The potential for franchise re-location to Canada also stems from the uncertainty surrounding the future of several US based franchises, most in the “Sun Belt”. The situation is most dire in Phoenix, where the league owns the franchise. The NHL desperately needs to find a buyer for the franchise but those efforts are greatly constrained by the franchise’s lease agreement with the city of Glendale. A franchise re-location would result in onerous penalties imposed by the city for breaking the lease. Continuing to operate the franchise in Phoenix would require negotiating greatly more favourable terms for the hockey team, (according to reports, perhaps as much as $23 million per year) obviously an extremely difficult proposition politically.  In addition, NY Islanders owner Charles Wang is making thinly veiled threats about re-locating should his “Lighthouse Project” not be green lighted by the Town of Hempstead, the Columbus Blue Jackets are asking their landlord for a more favourable lease (again), Dallas Stars owner Tom Hicks has well publicized debt servicing problems, the Nashville Predators ownership situation is muddied by the fraud conviction of former minority partner “Boots” Del Biaggio, the ownership groups of both Florida franchises have been in a flux and the ownership of the Atlanta Thrashers has been paralyzed for years over a legal battle between the “Atlanta Spirit” partners. The aforementioned recent Forbes valuations of NHL franchises ranked (in descending order) Columbus, Florida, Nashville, Atlanta and Phoenix as the bottom six in the league.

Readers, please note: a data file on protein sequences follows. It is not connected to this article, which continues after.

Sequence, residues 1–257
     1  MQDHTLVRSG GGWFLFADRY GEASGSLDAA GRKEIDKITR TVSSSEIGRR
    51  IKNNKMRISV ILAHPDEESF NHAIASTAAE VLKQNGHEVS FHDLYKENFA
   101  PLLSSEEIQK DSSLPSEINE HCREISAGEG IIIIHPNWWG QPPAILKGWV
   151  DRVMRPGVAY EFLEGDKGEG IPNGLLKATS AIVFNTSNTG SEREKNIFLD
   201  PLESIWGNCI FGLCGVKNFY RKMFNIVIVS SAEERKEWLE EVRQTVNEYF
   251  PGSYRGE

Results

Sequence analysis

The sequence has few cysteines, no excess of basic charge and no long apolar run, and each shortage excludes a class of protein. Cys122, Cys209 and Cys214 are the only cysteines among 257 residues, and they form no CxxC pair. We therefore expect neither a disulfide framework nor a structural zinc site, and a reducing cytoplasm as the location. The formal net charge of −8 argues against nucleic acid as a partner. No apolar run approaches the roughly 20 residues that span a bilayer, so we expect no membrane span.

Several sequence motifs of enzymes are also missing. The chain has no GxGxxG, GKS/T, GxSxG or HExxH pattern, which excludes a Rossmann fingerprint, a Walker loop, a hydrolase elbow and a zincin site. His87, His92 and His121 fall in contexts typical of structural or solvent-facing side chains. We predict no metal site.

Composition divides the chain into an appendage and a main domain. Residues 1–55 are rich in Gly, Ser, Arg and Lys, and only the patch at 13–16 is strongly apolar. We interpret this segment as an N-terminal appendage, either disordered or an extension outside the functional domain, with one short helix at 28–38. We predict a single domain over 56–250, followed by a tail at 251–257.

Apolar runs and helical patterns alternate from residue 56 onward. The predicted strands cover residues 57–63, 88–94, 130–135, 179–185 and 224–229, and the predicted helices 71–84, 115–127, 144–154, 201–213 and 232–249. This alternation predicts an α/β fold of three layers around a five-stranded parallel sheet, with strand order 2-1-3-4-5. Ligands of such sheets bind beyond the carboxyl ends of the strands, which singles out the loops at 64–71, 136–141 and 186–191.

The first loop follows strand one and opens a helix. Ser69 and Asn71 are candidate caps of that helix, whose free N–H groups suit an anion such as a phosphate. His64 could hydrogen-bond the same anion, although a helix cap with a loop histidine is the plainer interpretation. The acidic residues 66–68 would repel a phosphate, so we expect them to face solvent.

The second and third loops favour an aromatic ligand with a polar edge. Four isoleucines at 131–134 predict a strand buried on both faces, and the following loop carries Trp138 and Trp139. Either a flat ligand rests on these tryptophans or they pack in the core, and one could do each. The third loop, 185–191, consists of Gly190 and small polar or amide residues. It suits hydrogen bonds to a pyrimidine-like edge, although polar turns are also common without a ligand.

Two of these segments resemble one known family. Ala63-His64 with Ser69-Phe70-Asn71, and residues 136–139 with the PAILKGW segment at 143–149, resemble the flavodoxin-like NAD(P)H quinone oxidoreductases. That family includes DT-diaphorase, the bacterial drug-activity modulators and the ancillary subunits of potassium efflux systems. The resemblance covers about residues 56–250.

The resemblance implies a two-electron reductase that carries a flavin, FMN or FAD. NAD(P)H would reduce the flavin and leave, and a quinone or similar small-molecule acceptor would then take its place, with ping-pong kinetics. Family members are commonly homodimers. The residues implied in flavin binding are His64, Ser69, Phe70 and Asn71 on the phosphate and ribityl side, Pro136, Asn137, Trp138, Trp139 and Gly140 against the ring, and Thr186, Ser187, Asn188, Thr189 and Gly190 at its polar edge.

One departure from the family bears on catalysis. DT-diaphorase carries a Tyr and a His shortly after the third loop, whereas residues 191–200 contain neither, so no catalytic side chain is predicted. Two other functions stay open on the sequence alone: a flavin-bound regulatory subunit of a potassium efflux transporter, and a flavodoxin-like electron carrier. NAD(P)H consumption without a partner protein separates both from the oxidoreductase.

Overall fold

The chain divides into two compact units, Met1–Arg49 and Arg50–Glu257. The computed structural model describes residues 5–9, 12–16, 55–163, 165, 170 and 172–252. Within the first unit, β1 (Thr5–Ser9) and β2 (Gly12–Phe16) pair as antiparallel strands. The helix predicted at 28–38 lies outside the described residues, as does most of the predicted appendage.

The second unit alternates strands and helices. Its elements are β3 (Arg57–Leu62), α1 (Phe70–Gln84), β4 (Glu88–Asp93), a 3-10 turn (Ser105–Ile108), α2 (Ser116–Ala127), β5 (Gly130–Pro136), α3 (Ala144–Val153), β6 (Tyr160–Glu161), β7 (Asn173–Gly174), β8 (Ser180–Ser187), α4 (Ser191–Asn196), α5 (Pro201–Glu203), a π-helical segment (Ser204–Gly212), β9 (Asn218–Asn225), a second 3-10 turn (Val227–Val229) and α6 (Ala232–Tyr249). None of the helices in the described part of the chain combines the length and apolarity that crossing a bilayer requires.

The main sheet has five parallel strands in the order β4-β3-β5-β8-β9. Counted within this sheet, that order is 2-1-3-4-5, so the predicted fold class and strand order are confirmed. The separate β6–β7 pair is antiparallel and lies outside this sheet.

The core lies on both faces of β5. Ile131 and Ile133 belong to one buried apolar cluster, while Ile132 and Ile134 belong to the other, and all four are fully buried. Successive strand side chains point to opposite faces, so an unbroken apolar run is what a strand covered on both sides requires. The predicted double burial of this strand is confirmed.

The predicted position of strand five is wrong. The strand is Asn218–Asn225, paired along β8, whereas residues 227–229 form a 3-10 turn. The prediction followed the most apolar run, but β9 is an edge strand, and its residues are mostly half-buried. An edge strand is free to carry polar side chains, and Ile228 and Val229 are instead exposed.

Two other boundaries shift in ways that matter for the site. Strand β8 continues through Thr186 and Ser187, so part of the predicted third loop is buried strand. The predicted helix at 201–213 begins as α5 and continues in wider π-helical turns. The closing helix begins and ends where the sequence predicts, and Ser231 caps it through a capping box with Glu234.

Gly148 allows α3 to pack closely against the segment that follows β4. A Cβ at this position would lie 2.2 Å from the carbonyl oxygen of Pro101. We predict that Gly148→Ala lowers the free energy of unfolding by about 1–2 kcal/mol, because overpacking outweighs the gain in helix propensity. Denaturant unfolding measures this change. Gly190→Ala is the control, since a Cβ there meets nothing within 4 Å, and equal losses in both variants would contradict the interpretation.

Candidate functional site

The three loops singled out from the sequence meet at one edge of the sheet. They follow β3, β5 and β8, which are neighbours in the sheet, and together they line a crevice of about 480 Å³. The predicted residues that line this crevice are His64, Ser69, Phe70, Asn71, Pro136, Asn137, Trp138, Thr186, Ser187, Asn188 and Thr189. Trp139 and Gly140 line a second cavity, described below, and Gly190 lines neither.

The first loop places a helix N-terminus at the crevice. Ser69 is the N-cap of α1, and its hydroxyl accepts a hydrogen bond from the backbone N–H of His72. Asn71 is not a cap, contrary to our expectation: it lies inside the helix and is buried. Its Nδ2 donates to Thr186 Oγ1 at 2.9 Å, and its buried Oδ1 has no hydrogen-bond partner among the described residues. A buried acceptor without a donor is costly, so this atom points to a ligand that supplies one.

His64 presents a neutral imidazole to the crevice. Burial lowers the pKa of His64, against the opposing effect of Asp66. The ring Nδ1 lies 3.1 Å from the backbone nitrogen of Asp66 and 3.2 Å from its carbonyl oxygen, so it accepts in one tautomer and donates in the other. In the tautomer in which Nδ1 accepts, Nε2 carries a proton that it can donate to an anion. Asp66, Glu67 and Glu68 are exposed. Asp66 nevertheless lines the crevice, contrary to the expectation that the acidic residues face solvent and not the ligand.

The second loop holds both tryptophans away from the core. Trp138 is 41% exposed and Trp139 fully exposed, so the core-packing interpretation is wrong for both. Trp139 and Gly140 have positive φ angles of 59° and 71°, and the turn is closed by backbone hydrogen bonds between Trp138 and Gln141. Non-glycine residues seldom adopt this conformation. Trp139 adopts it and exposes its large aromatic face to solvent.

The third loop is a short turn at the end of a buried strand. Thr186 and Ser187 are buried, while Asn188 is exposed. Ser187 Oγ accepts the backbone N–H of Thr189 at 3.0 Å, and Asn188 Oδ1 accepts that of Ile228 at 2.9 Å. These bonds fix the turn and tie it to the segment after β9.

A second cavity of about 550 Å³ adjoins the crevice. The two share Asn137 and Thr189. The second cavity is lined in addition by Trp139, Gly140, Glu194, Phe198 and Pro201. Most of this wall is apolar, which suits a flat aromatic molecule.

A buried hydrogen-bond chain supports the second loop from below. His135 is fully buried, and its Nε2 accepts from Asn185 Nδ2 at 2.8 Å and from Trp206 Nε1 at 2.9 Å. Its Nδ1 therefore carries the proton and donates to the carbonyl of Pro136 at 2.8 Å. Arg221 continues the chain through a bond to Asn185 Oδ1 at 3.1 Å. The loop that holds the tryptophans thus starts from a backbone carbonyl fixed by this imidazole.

At the same time as the NHL is in need of new ownership, perhaps in “new” markets (Winnipeg and Quebec City are not categorically “new” being former NHL cities), Canadian cities are maybe better positioned to support NHL franchises than in previous eras. When the Quebec City and Winnipeg franchises were sold and re-located to the US in the mid 1990s the Canadian dollar was valued in the low $US0.70 range.  In recent months the Canadian dollar has soared in value to over $US 0.90, a major boost to Canadian based franchises in the “stick and ball” leagues. Last month Frank Pingue reported for Reuters: